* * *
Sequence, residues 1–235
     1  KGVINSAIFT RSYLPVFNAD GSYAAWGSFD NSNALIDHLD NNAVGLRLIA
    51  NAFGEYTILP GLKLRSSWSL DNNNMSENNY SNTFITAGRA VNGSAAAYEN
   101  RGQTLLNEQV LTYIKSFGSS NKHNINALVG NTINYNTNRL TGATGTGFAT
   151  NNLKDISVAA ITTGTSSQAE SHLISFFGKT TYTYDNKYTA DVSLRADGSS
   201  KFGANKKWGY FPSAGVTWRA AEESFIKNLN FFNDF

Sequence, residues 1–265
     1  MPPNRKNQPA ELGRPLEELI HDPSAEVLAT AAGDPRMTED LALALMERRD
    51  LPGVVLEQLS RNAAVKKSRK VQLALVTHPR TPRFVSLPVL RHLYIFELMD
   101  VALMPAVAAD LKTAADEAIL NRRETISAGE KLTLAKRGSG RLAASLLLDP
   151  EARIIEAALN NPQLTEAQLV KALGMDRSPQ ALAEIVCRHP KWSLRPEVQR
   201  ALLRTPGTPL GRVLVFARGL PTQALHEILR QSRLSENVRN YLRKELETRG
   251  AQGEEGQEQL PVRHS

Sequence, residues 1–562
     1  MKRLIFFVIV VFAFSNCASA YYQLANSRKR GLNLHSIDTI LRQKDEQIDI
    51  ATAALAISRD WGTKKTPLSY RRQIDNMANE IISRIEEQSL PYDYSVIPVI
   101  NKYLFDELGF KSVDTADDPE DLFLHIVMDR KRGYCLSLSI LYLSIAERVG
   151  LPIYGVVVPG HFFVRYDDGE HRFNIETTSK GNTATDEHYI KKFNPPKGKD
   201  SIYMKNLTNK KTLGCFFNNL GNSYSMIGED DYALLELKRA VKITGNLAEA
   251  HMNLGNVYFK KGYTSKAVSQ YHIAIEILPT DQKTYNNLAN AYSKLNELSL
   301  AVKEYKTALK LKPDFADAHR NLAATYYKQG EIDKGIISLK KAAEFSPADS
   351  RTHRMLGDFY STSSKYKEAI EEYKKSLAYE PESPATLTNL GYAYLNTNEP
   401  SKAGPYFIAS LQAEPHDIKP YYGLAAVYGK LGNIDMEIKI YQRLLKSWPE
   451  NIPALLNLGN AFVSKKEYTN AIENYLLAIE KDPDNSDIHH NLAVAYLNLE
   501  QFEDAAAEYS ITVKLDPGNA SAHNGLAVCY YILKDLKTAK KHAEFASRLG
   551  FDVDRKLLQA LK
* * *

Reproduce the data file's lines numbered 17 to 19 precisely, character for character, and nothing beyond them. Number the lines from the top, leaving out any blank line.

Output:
   101  NKYLFDELGF KSVDTADDPE DLFLHIVMDR KRGYCLSLSI LYLSIAERVG
   151  LPIYGVVVPG HFFVRYDDGE HRFNIETTSK GNTATDEHYI KKFNPPKGKD
   201  SIYMKNLTNK KTLGCFFNNL GNSYSMIGED DYALLELKRA VKITGNLAEA